Money Talks: Should Your Child Have An Allowance?

Most financial experts believe that children should receive an allowance. The earlier children are taught financial skills, the better. Money management is a skill that many adults struggle with. By teaching children early on how to manage their money, it can go a long way into their adult years.


Allowances also give children an appreciation for the value of their money. If they are spending someone else's money, they are less likely to be concerned about what it is spent on and how fast it is spent. When children have earned their own money, they tend to be less inclined to spend their money frivolously.

What Age Should Children Earn An Allowance?

Some money experts believe that as soon as children can count, they should begin to earn an allowance. Around the age of 3, children are not only counting, but they are beginning to ask for things. This is a good time to teach children that they can't always have what they want when they want it. The concept of earning something can be taught starting at age 3.

If age 3 seems like too young of an age, then it is a good idea to at least start at an age when children are beginning to understand the concept of money - usually around 7 years of age. If you start too late, it may be more challenging to teach your child money management skills. By starting young, they are more likely to heed your advice.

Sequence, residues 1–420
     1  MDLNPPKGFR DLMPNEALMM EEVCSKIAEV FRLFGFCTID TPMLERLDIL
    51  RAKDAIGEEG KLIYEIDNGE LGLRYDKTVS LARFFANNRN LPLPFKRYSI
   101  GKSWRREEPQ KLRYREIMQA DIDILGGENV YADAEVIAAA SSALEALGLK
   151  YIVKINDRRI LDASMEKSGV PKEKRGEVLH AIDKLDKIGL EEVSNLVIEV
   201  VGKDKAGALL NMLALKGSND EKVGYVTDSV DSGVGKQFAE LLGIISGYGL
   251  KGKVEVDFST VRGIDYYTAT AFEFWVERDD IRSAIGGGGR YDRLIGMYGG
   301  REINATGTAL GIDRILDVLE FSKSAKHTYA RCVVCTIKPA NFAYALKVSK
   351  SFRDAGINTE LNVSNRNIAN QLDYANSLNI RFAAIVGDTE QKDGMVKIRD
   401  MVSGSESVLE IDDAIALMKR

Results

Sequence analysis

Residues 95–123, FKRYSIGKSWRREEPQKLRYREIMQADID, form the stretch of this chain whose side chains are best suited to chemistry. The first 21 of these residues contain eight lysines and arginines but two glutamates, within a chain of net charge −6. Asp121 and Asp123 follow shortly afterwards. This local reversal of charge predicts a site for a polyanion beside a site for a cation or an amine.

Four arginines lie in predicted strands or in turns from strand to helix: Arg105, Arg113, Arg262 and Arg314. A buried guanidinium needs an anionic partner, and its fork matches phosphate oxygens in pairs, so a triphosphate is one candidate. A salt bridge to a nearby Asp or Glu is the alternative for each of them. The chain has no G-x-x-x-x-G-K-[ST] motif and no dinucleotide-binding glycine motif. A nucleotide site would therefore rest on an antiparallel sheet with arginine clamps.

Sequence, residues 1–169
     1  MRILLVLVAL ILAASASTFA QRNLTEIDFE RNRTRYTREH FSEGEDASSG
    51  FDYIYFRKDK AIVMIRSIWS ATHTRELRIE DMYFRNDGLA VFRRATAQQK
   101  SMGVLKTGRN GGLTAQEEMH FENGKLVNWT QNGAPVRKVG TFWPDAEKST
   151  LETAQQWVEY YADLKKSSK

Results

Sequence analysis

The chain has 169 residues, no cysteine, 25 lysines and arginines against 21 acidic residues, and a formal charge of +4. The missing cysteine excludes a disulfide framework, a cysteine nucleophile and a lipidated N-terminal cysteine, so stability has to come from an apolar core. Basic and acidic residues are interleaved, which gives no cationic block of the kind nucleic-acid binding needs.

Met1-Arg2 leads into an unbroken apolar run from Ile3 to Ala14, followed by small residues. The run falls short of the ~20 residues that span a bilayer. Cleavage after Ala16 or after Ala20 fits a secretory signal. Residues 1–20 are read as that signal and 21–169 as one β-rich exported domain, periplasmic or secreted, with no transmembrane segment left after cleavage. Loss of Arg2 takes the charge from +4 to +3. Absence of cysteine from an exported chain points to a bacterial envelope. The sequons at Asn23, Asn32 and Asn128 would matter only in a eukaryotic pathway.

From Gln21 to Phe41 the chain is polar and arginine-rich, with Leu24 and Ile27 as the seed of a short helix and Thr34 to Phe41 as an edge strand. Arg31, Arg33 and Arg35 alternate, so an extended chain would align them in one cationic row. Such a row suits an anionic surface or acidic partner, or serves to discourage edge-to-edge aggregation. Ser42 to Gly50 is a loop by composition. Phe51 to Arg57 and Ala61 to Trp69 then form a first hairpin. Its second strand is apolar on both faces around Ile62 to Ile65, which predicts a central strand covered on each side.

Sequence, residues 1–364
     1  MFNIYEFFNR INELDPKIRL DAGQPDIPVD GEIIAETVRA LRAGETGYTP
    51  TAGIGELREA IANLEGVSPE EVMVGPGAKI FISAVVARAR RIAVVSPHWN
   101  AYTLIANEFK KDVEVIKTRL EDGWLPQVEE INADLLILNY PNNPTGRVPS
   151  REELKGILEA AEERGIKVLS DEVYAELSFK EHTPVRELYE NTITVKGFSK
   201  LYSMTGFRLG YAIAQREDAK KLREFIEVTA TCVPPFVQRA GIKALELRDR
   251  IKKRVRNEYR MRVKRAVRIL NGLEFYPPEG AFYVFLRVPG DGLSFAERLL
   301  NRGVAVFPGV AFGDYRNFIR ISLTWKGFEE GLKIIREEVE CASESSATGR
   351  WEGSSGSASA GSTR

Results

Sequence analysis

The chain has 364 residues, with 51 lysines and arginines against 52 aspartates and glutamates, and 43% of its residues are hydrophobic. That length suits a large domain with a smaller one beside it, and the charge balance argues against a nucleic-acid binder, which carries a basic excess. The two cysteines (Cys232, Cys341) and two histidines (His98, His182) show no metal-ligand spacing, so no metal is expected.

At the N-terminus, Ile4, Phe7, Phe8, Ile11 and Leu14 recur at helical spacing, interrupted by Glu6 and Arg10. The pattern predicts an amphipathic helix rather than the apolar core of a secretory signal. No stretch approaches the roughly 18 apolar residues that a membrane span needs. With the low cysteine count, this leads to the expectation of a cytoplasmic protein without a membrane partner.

How Should Allowance Be Earned?

There is a great deal of opinion concerning how allowance should be earned, especially when it comes to chores. Some parents believe that chores are to be expected from children and that there should be no financial compensation for contributing to the family. Others believe that chores are the logical way to begin teaching children about earning money.

No matter what your school-of-thought, there are various ways that children can earn allowance. Some of them include:


  • Chores, including light housework, caring for a pet and child-safe yard duties;
  • Homework/grades;
  • Extra help around the house

Allowance is typically given in exchange for helping out around the house. Sometimes it is only given if a child does an "extra" job like washing the car, mowing the lawn, painting a fence and other laborious types of jobs.

Some parents will actually pay their children for consistently turning in homework or earning high grades. Every family and situation is unique, so there should be a discussion with all family members on what a child can do to in order to earn an allowance.
Benefits of Children Receiving an Allowance

There are many benefits to children receiving an allowance. For example, it will help children to think more carefully about their purchases. They may have their hearts set on the latest Nintendo Wii game but understand that it will take saving their money to earn it. Learning how to budget and save at an early age is a valuable lesson.